last time I tried to find standard-issue 6001 cartridge replacments. And
the shop wanted $25 for a pair of cartridge bearings that you should be able
to source wholesale for $3. If you were willing to order 1000....

In contrast, when you have a problem with a Shimano hub your options are
open with respect to replacement parts. Generally bearings and cones are
the things to need replacment. If I need parts, I scavenge from other hubs
left behind by folks who destroyed their rims, and left everything behind at
the shop. Most shops will have buckets of replacement parts. And as a last
resort, stuff can be catalogue ordered. I inherited a thrashed set of
Campagnolo wheels last year. The owner must have been using these for
underwater bicycle polo. Without rebuilding the wheel, I was able to
replace the cones, the balls and even the cups. Knocking out the cups was
as difficult as removing cartridge bearings - same tool. I used replacement
cups from a cheap set of Shimano hubs - almost all old-style hubs have the
same cup dimensions.
>
> Some high quality hubs such as Hope use such bearings.


I've got some Hope hubs. And SRAM, Specialized, Suntour, Sanshin, Ringle,
Syncros, Hugi, WTB and a bunch of others. They sit in boxes because $25
Shimano hubs are better made, and will last longer.
>
> Why is it not more common?
>
> CC
>

Because they are a poor design and flogged by hand-to-mouth manufacturers.
These hubs are inexplicably supported by elitists that think that uncommon
or expensive stuff is always better, or are running some vindictive crusade
against Shimano. Sometimes big manufacturers with market power just make
good stuff.
 
A

A Muzi

Guest
>>Zog The Undeniable wrote:
>>>Cup and cone bearings can take axial loads a bit better. They're
>>>also more easily serviceable with basic tools, whereas with cartridge
>>>bearings you need to obtain the correct type and the tools to fit
>>>them, which is tricky in the wilds of Nepal.


> Chalo wrote:
>>See my earlier comment about many people being mystified by cartridge
>>bearings. To service and adjust a cup & cone hub, you'll at least
>>need cone wrenches, but for many cartridge bearing hubs you can get
>>away with just a couple of adjustable wrenches and a mallet (sometimes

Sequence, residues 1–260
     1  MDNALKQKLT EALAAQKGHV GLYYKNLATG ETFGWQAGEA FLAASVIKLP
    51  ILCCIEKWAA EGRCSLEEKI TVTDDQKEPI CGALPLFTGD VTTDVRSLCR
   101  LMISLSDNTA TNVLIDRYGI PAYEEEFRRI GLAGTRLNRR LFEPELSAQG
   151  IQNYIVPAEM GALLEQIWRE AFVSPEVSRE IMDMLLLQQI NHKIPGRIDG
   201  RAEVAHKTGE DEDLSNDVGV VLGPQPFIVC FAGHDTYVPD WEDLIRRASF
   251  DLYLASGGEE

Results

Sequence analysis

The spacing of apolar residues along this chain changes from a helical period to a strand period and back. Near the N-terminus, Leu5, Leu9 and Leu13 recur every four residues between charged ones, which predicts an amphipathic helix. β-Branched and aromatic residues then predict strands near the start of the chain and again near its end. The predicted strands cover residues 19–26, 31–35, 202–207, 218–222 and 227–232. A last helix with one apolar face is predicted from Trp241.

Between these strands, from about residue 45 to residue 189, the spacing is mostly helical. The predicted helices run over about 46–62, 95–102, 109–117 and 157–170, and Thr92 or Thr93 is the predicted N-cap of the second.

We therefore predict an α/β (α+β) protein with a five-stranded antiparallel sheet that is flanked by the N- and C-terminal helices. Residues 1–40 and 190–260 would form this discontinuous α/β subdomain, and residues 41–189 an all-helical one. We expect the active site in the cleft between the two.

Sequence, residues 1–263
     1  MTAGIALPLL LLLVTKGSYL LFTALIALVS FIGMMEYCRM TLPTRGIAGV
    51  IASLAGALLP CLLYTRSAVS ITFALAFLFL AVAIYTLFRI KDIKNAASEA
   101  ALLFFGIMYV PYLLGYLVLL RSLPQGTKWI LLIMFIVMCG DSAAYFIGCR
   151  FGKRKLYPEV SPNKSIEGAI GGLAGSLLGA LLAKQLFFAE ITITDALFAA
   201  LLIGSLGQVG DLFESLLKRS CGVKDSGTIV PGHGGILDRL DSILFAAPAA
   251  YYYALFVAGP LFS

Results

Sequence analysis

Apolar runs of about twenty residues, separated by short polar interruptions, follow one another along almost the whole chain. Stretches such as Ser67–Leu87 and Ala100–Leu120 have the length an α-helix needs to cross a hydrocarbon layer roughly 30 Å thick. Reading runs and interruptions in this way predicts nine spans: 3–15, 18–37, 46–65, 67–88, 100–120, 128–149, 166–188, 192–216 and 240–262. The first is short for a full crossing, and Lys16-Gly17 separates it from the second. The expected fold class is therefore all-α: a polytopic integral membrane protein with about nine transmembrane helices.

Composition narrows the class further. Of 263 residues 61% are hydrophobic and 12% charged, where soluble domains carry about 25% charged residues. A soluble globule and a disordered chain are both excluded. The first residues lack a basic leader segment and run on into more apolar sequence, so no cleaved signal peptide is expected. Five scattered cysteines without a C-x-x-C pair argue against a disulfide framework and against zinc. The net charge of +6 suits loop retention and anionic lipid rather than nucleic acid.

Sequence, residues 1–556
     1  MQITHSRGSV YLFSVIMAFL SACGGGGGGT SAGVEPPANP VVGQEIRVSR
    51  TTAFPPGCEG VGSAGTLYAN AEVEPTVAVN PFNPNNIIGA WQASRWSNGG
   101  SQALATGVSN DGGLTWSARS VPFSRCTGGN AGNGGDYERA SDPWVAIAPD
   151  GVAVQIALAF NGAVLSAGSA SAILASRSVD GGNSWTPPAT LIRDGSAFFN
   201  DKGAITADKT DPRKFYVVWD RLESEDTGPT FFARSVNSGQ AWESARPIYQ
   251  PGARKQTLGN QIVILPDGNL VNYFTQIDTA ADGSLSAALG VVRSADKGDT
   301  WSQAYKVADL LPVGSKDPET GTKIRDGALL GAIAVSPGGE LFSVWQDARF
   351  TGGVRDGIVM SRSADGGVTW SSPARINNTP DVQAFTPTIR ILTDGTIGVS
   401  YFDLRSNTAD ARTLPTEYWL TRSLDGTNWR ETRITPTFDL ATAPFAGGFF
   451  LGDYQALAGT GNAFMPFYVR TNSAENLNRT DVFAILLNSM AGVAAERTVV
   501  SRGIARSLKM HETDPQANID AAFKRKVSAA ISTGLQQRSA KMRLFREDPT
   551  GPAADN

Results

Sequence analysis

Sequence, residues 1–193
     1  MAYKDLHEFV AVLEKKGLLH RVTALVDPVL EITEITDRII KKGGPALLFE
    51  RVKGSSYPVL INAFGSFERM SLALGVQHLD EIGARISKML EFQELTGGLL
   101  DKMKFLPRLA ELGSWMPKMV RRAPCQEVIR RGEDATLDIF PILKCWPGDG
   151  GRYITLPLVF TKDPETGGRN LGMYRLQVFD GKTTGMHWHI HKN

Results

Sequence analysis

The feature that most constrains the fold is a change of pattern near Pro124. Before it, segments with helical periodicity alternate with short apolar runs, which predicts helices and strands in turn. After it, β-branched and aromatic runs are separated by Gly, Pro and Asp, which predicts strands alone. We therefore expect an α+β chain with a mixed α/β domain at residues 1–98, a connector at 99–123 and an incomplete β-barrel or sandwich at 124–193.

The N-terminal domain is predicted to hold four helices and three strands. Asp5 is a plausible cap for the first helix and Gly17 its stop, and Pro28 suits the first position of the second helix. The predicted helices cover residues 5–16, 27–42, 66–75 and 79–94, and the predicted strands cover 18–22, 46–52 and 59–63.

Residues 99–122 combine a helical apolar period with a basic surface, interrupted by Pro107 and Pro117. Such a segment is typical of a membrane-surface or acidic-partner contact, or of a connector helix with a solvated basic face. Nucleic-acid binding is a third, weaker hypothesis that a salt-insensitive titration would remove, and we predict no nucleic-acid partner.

>>skipping the mallet).


Phil, Squid-in-Training wrote:
> Could you explain the procedure to this one? How can you push the bearing
> out without a fluted-end shaft like on the Park headset cup remover, or a
> bearing puller?


Chalo's right on. Remove an end nut and whack the axle.

--
Andrew Muzi
www.yellowjersey.org
Open every day since 1 April, 1971
 
J

JeffWills

Guest
Dave Mayer wrote:
<snip>
>
> Sure, if you can find these. I spent several hours and 5 bike shops the
> last time I tried to find standard-issue 6001 cartridge replacments. And
> the shop wanted $25 for a pair of cartridge bearings that you should be able
> to source wholesale for $3. If you were willing to order 1000....
>


Next time, look in the Yellow Pages under "bearings". Most medium-size
cities have an industrial bearing supplier. If that's too tough, take
your 6001 bearing to the nearest auto parts store- many automotive
alternators use standard-size sealed cartridge bearings. I'd bet
there's 5 auto parts stores for each bike shop.

Jeff
 
C

Chalo

Guest
Dave Mayer wrote:
>
> I spent several hours and 5 bike shops the
> last time I tried to find standard-issue 6001 cartridge replacments. And
> the shop wanted $25 for a pair of cartridge bearings that you should be able
> to source wholesale for $3. If you were willing to order 1000....


How 'bout ten for a buck apiece?

http://www.vxb.com/page/bearings/PROD/MBB/Kit682

Cartridge bearings are easier to find, and cheaper to buy, than hub
cones. Replace them, and a hub runs like new-- unlike some warmed-over
piece of Shimano junk with pitted cups and replacement cones that cost
$50 per set.

http://harriscyclery.net/site/page.cfm?PageID=49&SKU=HU3561
http://harriscyclery.net/site/page.cfm?PageID=49&SKU=HU3562

Chalo Colina
 
B

Bruce Jackson

Guest
Chalo wrote:

> It's certainly less profitable to sell expensive parts that are
> indefinitely rebuildable than to sell similarly expensive parts that
> deteriorate irreparably over time and require more frequent
> replacement.


Bearings of both types will last as long as you care to use them
with sufficient maintenance.

I own cup and cone Campagnolo hubs from the '70's that still
work perfectly with the original cups and cones and I have
cartridge bearing hubs (Bullseye) from the '80's that still spin
smoothly on their original cartridges.

I overhaul them when necessary. I clean and regrease the cup
and cone bearnings the typical way; to overhaul the cartridges
I carefully pry the seal off with the tip of a knife, clean with
solvent, then repack with grease and press the seal back on.
I suppose I could be lazy and replace the cartridges rather than
overhaul them. I have some old SunTour sealed bearing hubs
and while better sealed than the Bullseyes they are a PITA to
overhaul so I never rode them much; also the SunTour axles
seem to be a rather odd threading so it always takes a lot of
searching for the right one whenever I need a new axle. The
axles in Bullseye hubs are indestructable so they never need
replacement.
 

Similar threads

J
Replies
1
Views
389
J
A
Replies
4
Views
541
A